With Twilight School, enlightenment dawns

Education: An Arundel program helps ninth-graders who have faltered during the transition to high school.

April 13, 2001|By Stephanie Desmon | Stephanie Desmon,SUN STAFF

The corridors of Glen Burnie High School have emptied out. The yellow buses have departed with their student cargo. It's 2:30 p.m. - and the bell rang more than 30 minutes ago.

Bryan Pawlicki's biology class has just begun.

His students - all ninth-graders - are doing an experiment that should help explain why skinny kids feel the cold faster than those with a little meat. Two beakers are filled with ice water. One holds a thermometer encased in a glob of shortening (a form of fat); the other, a thermometer exposed directly to the cold bath. Every 30 seconds, students gather temperature readings, and soon it is clear that the shortening keeps the thermometer from a quick freeze.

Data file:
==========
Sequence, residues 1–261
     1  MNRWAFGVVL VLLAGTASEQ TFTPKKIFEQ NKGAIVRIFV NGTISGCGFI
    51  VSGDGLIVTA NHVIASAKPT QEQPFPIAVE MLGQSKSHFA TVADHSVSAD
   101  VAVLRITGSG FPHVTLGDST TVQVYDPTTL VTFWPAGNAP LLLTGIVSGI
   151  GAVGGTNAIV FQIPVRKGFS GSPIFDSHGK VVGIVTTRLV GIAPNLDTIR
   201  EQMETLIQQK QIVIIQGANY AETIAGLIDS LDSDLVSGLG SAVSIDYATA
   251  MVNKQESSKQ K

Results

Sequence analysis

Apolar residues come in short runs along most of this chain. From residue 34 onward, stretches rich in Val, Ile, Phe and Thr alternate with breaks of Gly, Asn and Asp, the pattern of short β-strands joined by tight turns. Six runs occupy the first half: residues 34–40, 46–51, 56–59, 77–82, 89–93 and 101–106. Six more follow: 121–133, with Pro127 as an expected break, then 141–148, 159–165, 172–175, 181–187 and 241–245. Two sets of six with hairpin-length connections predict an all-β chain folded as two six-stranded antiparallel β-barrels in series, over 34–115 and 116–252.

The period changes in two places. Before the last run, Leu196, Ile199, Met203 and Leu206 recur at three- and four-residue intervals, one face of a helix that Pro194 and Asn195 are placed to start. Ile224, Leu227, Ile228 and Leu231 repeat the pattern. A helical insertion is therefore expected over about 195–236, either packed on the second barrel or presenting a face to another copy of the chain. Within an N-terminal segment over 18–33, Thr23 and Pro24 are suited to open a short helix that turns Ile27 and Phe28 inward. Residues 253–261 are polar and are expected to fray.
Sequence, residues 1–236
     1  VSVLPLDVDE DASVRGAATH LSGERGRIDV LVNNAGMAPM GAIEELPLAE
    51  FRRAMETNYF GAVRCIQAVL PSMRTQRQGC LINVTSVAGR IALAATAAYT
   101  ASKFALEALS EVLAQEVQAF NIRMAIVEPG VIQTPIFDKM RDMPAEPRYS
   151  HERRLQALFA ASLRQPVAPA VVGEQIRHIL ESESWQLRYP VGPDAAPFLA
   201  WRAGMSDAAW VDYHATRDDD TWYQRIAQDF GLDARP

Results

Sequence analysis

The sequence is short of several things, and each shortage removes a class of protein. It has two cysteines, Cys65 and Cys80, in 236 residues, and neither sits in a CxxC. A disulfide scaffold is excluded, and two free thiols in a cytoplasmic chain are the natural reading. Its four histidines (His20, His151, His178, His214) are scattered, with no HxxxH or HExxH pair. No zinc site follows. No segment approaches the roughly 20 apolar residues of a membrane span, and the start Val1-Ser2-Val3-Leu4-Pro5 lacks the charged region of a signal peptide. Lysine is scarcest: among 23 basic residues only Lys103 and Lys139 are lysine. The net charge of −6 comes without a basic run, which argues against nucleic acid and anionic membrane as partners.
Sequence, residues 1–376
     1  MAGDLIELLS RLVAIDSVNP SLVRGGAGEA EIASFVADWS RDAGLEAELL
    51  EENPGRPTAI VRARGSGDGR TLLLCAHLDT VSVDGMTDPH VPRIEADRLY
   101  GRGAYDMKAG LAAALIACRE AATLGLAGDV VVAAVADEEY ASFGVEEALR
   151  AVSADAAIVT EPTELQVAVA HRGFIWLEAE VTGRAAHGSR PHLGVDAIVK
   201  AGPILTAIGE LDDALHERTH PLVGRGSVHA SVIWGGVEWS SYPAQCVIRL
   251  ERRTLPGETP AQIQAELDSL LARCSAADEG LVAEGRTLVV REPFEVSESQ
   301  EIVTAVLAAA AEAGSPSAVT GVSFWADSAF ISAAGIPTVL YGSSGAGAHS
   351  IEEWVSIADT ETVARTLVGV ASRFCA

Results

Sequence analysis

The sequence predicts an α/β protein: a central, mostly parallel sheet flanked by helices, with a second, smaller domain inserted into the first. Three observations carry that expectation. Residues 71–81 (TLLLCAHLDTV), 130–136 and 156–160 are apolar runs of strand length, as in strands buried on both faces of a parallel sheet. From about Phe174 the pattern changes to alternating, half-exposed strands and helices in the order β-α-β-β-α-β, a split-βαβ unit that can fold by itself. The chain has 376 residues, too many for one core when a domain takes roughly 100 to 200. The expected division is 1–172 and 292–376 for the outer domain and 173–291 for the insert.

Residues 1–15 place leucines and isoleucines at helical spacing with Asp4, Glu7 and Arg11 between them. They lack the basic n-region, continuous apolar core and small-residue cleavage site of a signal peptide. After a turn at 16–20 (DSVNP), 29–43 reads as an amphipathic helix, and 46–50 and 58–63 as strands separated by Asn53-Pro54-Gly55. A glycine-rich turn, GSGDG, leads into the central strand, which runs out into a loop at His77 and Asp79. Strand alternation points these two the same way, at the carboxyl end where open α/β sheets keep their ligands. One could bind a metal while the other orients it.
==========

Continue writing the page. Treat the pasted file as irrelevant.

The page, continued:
This is hardly detention. It's Twilight School, an after-school program offering credit courses for Glen Burnie ninth-graders who failed a class during their first semester in high school. Other school systems have twilight programs, but theirs typically are for disruptive students as an alternative to suspension.

What makes this program different is that it attempts to address a problem early by giving a second chance to freshmen who weren't up to the surprising rigors they found after leaving middle school. If they pass Twilight School, the E on their report cards (Anne Arundel County's version of an F) is erased and replaced, a credit toward graduation earned.